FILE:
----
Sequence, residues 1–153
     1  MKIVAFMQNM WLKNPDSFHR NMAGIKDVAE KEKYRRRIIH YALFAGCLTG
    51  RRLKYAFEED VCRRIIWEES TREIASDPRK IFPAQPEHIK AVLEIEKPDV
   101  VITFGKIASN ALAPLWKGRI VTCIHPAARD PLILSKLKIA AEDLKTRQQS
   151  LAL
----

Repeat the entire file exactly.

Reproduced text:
Sequence, residues 1–153
     1  MKIVAFMQNM WLKNPDSFHR NMAGIKDVAE KEKYRRRIIH YALFAGCLTG
    51  RRLKYAFEED VCRRIIWEES TREIASDPRK IFPAQPEHIK AVLEIEKPDV
   101  VITFGKIASN ALAPLWKGRI VTCIHPAARD PLILSKLKIA AEDLKTRQQS
   151  LAL